Internet portal Yahoo!, taking a show-and-tell approach in marketing its "Yahoo! Everywhere" strategy, last month rolled out a fleet of 10 Internet-enabled taxis in New York.
The taxis, decorated with the Yahoo! logo, come equipped with Palm VII handheld computers boasting wireless connections to the Internet. Passengers can access Yahoo! services and the Web for free-standard cab fares applying. The company ran a similar campaign in San Francisco from September 1999 through March of this year.
"We were looking for an example of the 'Yahoo! Everywhere' strategy," said Linda Bennett, brand manager for Yahoo!. "It's a place you go to find anything, connect with anyone, and it doesn't mean being tethered to your home office or workplace. It's about getting information where you need it, even in the back of a taxi."
It's a medium that could effectively reach what has become a hot target for Yahoo!: business users. The company earlier this year announced a b-to-b marketplace, and the site's advertising base is increasingly becoming b-to-b as well. According to AdRelevance, a Jupiter Media Metrix company, Yahoo! ranked second among sites in b-to-b advertising impressions for the second quarter of this year, with 660 million b-to-b impressions during that period.
Bennett, who would not disclose the program's budget, said the company decided on New York as the next stop because taxis play such a significant role in the city's public transportation system. Schaller Consulting, New York, estimates the city had approximately 241 million taxi passengers last year, according to a report the company released earlier this year.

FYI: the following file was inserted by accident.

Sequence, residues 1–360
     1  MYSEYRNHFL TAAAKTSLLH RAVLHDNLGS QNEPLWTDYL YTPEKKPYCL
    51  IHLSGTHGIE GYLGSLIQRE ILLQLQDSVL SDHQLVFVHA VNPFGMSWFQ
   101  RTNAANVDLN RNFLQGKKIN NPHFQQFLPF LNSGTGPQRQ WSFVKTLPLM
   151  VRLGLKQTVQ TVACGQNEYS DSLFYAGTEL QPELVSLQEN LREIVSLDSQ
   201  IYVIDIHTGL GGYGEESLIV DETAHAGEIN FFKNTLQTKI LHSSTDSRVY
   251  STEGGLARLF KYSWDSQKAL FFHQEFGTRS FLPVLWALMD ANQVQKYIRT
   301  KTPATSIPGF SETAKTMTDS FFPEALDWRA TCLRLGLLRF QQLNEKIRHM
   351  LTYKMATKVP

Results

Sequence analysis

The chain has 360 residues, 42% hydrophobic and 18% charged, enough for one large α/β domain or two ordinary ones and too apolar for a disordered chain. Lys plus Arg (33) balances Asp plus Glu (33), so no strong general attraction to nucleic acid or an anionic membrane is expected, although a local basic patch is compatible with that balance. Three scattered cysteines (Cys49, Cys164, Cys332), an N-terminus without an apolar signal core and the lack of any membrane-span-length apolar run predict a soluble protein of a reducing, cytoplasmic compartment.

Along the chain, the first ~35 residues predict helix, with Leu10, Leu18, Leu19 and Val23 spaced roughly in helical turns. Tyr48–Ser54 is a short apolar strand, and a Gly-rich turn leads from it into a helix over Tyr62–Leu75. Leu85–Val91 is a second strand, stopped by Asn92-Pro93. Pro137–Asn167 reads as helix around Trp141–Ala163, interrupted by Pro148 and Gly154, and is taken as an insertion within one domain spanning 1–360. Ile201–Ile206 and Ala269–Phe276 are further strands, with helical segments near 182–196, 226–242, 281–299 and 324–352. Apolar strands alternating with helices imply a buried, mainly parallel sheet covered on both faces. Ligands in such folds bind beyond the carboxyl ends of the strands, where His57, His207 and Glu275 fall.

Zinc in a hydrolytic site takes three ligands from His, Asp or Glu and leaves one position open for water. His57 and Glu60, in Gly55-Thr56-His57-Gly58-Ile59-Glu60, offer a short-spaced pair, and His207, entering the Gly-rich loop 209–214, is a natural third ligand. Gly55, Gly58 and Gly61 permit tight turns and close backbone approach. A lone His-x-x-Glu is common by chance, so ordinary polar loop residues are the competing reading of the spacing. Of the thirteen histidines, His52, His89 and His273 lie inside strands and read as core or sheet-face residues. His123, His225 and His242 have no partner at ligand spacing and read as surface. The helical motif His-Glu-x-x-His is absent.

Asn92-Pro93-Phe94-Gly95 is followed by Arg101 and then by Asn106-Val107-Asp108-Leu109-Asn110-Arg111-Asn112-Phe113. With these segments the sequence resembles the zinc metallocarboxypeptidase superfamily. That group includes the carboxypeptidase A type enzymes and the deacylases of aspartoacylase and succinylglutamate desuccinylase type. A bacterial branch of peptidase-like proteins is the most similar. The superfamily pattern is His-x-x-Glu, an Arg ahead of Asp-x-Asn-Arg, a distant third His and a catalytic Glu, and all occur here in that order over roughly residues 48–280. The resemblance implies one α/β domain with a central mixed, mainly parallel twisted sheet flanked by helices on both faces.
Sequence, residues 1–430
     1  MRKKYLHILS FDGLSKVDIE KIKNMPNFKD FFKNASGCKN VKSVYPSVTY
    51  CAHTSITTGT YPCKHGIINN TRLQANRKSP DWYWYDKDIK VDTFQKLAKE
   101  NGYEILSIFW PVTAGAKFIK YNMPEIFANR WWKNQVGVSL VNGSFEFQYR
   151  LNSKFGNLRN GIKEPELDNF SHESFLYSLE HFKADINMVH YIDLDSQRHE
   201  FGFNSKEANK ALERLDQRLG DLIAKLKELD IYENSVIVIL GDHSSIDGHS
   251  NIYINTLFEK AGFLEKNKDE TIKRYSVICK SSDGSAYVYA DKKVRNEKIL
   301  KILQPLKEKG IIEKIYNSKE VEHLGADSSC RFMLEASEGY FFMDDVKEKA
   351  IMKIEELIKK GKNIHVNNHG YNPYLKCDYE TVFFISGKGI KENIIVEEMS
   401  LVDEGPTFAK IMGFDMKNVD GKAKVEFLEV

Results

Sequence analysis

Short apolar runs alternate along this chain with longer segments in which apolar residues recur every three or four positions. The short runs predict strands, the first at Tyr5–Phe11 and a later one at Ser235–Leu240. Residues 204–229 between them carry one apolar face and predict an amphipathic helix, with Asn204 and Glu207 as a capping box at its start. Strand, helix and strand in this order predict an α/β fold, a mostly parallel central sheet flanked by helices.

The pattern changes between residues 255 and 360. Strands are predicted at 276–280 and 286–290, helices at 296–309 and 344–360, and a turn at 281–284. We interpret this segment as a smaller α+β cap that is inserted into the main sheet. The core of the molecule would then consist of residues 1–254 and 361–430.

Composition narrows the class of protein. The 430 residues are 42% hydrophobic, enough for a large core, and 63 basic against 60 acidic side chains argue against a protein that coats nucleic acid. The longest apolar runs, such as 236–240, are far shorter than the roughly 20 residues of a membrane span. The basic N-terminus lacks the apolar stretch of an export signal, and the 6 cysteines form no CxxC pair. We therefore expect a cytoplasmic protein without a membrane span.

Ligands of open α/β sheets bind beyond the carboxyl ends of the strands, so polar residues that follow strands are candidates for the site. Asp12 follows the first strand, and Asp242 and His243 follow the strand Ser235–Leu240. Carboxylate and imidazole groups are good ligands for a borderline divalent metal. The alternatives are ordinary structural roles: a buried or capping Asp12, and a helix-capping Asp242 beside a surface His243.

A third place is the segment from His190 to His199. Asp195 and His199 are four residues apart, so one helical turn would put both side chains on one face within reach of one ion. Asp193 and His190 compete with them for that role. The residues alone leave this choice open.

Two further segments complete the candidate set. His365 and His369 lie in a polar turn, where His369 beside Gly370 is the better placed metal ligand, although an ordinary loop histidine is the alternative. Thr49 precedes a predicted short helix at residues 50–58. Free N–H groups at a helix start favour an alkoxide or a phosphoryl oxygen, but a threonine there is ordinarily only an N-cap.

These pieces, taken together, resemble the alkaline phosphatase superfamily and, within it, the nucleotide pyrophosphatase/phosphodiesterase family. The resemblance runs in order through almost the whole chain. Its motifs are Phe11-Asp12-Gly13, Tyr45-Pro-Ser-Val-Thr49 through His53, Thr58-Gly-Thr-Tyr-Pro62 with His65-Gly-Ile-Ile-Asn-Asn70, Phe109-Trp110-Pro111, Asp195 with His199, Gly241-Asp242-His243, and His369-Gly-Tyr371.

The campaign seems like a good way to blend traditional transit display advertising with an opportunity for people to sample the product, said Larry McNaughton, COO-managing director at Corporate Branding L.L.C., a brand consultancy. "You can be in the brand, be in the company, be in the product offering," he said. "They're taking the typical aggressive marketing approach and turning it into a product experience at the same time."
Aside from traditional methods of measuring display advertising, such as estimating the number of people that would see the ads in a given location, assessing the impact of an effort like this isn't easy. Bennett said Yahoo! measures the campaign by tracking how many people ride in the cabs and how the community responds to the effort. Riders might tell friends about the experience and "that word of mouth continues to create the fun and excitement that we like to bring to our brand," she said.
The program required Yahoo! to partner with Medallion Financial Corp., a taxi lender, and Team Systems Corp., a taxi fleet, as well as work closely with the New York Taxi & Limousine Commission to ensure the cabs passed various inspections.
Yahoo! chose drivers from a group of independent contractors, Bennett said. From those who were interested in driving the Internet-enabled taxis, Yahoo! interviewed and selected drivers, then trained them on using the Palm devices.
Though the San Francisco cabs were entirely "wrapped" with the Yahoo! logo, the New York taxis still have the standard yellow-cab look-a point that was important to the New York City Taxi & Limousine Commission, said Allan Fromberg, deputy commissioner for public affairs. To remain recognizable as New York taxis, the second fleet of Internet-enabled cabs displays Yahoo!'s name only on the taxis' sides and bumpers.
The commission also objected to wrapping the New York cabs, Fromberg said, because of safety concerns. "[Wraps] take up window space," he said. "We want to be sure police officers can see inside a cab. We want to be sure taxi and commission inspectors can see inside the cab."